The heroic final actions of Air Force Technical Sgt. John Chapman were recorded on drone video and released in June 2019, marking the first-ever Medal of Honor recipient’s actions to be caught on camera.
A CIA predator drone hovering at 10,416 feet captured the entire footage of Chapman’s battle on March 4, 2002, during which he sustained at least 16 wounds from gunfire and shrapnel, and is credited with saving the lives of his fellow 23 troops before succumbing to his wounds, earning him a posthumous Medal of Honor, Task & Purpose reported.
Watch the footage below:
In the midst of Afghanistan fighting in the Battle of Takur Ghar during Operation Anaconda, Chapman and a Navy SEAL unit had entered a mountainous area in deep snow in the early morning hours to retrieve a fallen SEAL when they came under heavy gunfire from multiple directions.
Chapman rushed in ahead of his team and took out two enemy fighters within a range of 10 feet. His actions cleared out the enemy bunker, allowing his team to advance to the fallen SEAL.
However, increasing enemy fire changed the course of events. Chapman was struck twice in the torso and incapacitated. Another teammate went down. His team retreated without him, unaware he was still alive.
Dan Schilling, a former combat controller wrote a new book about Chapman titled “Alone at Dawn” that describes the nine-minute video and how Chapman went beyond the line of duty for his fellow comrades.
Schilling said, “You’ll watch Chapman’s heroic actions as he saves the lives of his entire SEAL Team and then another 18 members of a quick reaction force, earning America’s highest award, the Medal of Honor.”
Chapman managed to get up and take on some two dozen enemy fighters on his own during a span of more than 40 minutes as American airstrikes rained nearby. During that time, he was able to make radio contact with his team, who eventually sent in another Chinook with 18 team members.
Kenny Longfritz, Chapman’s first sergeant at 24th STS said after he watched the video, “It was really grainy. But there was still somebody up there fighting, and you could see that,” according to T&P. He added that no one could argue that it was John in the video.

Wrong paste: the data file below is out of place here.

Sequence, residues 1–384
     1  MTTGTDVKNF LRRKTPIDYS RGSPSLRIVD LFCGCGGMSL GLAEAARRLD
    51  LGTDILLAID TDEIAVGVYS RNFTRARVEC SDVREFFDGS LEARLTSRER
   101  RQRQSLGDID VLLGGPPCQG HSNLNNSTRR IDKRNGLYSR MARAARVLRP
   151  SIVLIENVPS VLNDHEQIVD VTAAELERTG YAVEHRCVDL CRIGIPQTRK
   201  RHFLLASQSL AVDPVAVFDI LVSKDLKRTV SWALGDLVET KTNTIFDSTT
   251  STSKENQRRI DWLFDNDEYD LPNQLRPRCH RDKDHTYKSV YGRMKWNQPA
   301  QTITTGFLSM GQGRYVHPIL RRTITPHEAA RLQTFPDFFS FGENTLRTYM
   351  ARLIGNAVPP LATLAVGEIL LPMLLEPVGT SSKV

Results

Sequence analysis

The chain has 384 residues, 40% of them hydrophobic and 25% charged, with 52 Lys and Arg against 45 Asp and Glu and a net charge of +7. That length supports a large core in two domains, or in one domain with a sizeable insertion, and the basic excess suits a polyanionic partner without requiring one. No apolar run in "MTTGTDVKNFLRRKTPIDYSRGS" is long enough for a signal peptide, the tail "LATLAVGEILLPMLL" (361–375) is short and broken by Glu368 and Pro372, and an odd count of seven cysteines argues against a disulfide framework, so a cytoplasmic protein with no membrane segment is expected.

Enemy fighters were moving in, threatening the incoming Chinook, which prompted Chapman to make one last stand. He climbed out of the bunker, while estimated to have at least 12 wounds and in the process of dying, using nearly all of his ammunition to cover the incoming helicopter that made a controlled crash landing following an RPG hit.
“John was always selfless – it didn’t just emerge on Takur Ghar – he had always been selfless and highly competent, and thank God for all those qualities,” said retired Air Force Col. Ken Rodriguez, who was Chapman’s commander at the time, according to the Medal of Honor summary. “He could have hunkered down in the bunker and waited for the (Quick Reaction Force) and (Combat Search and Rescue) team to come in, but he assessed the situation and selflessly gave his life for them.”
Chapman fought until a shot to the heart ended his fight. He and six others lost their lives in the Battle of Takur Ghar.
The list of the fallen are below:
- Petty Officer 1st Class Neil Roberts – U.S. Navy SEAL
- Technical Sergeant John Chapman – U.S. Air Force combat control
- Senior Airman Jason Cunningham – U.S. Air Force pararescue
- Corporal Matthew Commons – U.S. Army Ranger
- Sergeant Bradley Crose – U.S. Army Ranger
- Specialist Marc Anderson – U.S. Army Ranger
- Sergeant Philip Svitak – U.S. Army 160th Special Operations Aviation Regiment
Chapman’s Medal of Honor citation reads, “By his heroic actions and extraordinary valor, sacrificing his life for the lives of his teammates, Technical Sergeant Chapman upheld the highest traditions of military service and reflected great credit upon himself and the United States Air Force.”
Chapman was originally awarded the Air Force Service Cross until a review ordered by then-Secretary of Defense Ash Carter in 2016 ultimately concluded that Chapman’s award would be upgraded. He received the Medal of Honor posthumously on Aug. 22, 2018.
This article has been upgraded to correct the number of medals received by Chapman.